24 April 2013

U is for Unholy Warrior

Frank Frazetta's iconic 'Death Dealer."
 
I have long held an, shall we say, unholy fascination with the concept of the dark knight, the cavalier that is a noble warrior (possibly) but who allies with the side of Evil rather than that of Good. Let's face it: we all do to some extent. Vader or Yoda, who's "cooler?"Isis the cool outfits or the feeling of power? Here's someone who will take what he wants, conventions be damned.
 
That said, in AD&D I have longer cringed at the "anti-paladin" and, from 0E, the "anti-cleric." The anti-paladin from the pages of Dragon was a travesty: he was the exact opposite of the paladin. Not very original there. One would think that the forces of evil would be a bit more. . . . intelligent in how they grant power to their champions, and, yes, they should have champions. Why should the forces of Law and Good get the only champions in existence? Actually, the novel  Dragonlance: The Second Generation gave players the "Knights of Takhisis," a group of (apparently) Lawful Evil cavaliers pledged to the service of the Queen of Darkness and Evil.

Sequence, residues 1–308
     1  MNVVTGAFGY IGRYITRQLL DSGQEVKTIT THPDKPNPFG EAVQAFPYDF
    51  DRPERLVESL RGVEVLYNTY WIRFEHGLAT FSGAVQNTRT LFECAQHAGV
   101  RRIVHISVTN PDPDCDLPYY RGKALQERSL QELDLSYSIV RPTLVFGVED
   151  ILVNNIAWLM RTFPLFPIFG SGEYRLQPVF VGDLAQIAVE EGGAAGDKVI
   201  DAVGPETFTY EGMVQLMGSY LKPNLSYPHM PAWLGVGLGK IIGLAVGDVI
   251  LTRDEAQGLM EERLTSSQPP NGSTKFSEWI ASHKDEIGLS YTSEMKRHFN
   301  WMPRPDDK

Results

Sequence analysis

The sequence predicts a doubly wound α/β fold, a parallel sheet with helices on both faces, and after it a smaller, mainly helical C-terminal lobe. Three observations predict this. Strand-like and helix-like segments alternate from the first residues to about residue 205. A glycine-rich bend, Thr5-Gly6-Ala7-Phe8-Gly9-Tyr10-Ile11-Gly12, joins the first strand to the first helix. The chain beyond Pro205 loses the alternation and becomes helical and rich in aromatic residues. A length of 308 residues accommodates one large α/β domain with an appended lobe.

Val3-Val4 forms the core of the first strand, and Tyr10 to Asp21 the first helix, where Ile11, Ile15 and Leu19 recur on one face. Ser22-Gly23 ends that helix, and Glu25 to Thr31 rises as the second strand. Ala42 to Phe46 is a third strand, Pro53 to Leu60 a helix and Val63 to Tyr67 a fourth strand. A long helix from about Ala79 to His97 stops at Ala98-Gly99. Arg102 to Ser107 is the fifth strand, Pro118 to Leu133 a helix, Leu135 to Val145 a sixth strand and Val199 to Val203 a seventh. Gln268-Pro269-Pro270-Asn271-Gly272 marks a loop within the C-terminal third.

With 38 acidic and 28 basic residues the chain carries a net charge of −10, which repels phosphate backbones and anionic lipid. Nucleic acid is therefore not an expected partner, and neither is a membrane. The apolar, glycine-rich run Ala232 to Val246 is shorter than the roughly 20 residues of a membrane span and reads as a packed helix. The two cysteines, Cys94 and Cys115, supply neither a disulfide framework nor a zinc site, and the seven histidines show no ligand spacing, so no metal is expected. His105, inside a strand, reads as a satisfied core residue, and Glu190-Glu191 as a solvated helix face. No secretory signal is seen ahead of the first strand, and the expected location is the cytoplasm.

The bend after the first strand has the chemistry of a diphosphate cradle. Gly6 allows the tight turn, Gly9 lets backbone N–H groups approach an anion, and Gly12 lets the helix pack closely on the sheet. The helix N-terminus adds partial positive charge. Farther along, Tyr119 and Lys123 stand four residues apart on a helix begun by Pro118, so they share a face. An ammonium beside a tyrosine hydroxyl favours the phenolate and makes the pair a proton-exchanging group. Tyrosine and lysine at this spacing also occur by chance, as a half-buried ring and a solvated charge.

3.5 gave us the Blackguard but the prestige class was best used to represent the fallen paladin and note a dedicated servant of evil. The best treatment was in the Unholy Warrior supplement by Green Ronin. That book has the distinction of being the only 3.5 supplement (I actually, I believe it was for 3.0) that I purchased outside of WotC's core rules and splat books. (Oh, and the Everquest books, but then I was a big EQ nerd.) One of these days, I will adapt the class as presented for AD&D, or possibly S&WC.
 
One of the problems is that the gods of Evil rarely work together; one of the tenets of the Kyrnn setting is "Evil will always turn on itself." Another is that, while they are somewhat different, the Lawful Good deities tend to have the same portfolio: crusading warfare, chivalry, protection of the innocent, etc. Even among deities of the same alignment, such as Chaotic Evil, the portfolios could well be vastly different: Disease, Decay, Destruction, Undead, Death, Insanity, Butchery, etc. Unholy Warrior realized this and gave a variety of specialized classes depending on who the unholy warrior's patron was. Of course, this makes it difficult to standardize and tends to become the sort of thing that each individual DM must tailor to his table, even more so than deities and their relationship with clerics.
 
Until tomorrow, gentle readers, when we shall examine villains more closely.
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